Listen free for 30 days
Discovering and Conquering the New World
- The Lives and Legacies of Christopher Columbus, Hernan Cortes and Francisco Pizarro
- Narrated by: Colin Fluxman
- Length: 3 hrs and 35 mins
Add to basket failed.
Add to wishlist failed.
Remove from wishlist failed.
Follow podcast failed
Unfollow podcast failed
Buy Now for £14.49
The most seminal event of the last millennium might also be its most controversial. As schoolchildren have been taught for over 500 years, "In 1492 Columbus sailed the ocean blue." In October of that year, the Italian Christopher Columbus immortalized himself by landing in the New World and beginning the process of European settlement in the Americas for Spain, bringing the Age of Exploration to a new hemisphere with him. Ironically, the Italian had led a Spanish expedition, in part because the Portugese rejected his offers in the belief that sailing west to Asia would take too long. Everyone agrees that Columbus's discovery of the New World was one of the turning points in history, but agreements over his legacy end there. Although his other three voyages to the New World were far less successful and largely overlooked in the narrative of his life, Columbus has become a towering figure in the annals of history.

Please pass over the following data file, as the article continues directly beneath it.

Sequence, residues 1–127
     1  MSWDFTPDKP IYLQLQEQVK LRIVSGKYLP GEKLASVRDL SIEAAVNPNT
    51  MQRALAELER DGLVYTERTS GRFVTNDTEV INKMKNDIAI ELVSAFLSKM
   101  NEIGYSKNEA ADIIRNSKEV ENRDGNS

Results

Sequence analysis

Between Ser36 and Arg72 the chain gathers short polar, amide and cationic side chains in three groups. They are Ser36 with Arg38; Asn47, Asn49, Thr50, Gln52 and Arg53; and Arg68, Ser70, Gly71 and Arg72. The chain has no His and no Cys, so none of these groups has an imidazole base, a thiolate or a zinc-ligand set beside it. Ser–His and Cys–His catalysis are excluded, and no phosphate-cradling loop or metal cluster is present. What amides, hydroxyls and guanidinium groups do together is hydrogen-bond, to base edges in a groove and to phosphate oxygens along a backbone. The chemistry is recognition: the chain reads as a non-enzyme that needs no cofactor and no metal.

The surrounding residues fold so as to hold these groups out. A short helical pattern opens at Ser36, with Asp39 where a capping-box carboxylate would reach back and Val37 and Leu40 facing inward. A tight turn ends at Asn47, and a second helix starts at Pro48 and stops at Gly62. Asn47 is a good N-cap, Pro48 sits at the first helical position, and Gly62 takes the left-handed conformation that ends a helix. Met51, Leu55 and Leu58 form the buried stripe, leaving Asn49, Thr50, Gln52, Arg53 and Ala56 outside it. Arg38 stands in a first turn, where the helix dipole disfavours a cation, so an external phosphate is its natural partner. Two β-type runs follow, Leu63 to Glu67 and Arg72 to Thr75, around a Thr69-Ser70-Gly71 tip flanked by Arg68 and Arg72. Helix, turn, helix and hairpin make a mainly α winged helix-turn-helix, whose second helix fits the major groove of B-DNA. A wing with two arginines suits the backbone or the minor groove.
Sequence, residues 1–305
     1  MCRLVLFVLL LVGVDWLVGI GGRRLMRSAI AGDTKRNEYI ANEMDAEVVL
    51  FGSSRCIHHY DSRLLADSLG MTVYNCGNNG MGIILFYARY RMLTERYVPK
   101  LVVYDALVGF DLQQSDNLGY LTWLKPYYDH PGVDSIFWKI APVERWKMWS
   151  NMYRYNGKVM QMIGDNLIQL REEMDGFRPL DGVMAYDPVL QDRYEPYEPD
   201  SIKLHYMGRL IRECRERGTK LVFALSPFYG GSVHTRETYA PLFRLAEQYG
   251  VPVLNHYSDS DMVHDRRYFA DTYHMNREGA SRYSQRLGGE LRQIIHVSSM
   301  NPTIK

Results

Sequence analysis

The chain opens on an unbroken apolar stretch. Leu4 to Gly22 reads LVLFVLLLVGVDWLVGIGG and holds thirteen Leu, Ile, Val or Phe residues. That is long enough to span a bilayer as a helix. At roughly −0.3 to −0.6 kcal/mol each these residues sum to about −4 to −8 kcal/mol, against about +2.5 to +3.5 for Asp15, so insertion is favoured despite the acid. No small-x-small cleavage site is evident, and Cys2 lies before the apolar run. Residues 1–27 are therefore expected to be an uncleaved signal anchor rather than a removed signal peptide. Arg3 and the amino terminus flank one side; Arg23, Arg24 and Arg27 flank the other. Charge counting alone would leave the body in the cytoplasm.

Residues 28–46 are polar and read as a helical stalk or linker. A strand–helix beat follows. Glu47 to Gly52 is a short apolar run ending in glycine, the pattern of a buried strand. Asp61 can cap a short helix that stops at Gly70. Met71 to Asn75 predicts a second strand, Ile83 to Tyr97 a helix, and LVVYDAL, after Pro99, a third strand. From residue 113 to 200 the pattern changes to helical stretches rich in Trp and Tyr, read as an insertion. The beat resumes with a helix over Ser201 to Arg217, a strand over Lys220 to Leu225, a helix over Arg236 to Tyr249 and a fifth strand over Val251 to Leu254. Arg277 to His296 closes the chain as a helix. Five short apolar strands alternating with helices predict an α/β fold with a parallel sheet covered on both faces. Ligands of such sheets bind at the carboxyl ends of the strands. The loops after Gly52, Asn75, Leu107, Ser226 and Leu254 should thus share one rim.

During the Age of Exploration, some of the most famous and infamous individuals were Spain's best known conquistadors. Naturally, as the best known conquistador, Hernán Cortés (1485-1547) is also the most controversial. Like Christopher Columbus before him, Cortés was lionized for his successes for centuries without questioning his tactics or motives, while indigenous views of the man have been overwhelmingly negative for the consequences his conquests had on the Aztecs and other natives in the region. Just about the only thing everyone agrees upon is that Cortés had a profound impact on the history of North America.
If Columbus and Cortés were the pioneers of Spain's new global empire, Pizarro consolidated its immense power and riches, and his successes inspired a further generation to expand Spain's dominions to unheard of dimensions. Furthermore, he participated in the forging of a new culture: like Cortés, he took an indigenous mistress with whom he had two mixed-race children, and yet the woman has none of the lasting fame of Cortés's Doña Marina. With all of this, it is again remarkable that Pizarro remains one of the less well-known explorers of his age.
Discovering and Conquering the New World looks at the lives of the three famous explorers and their enduring legacies.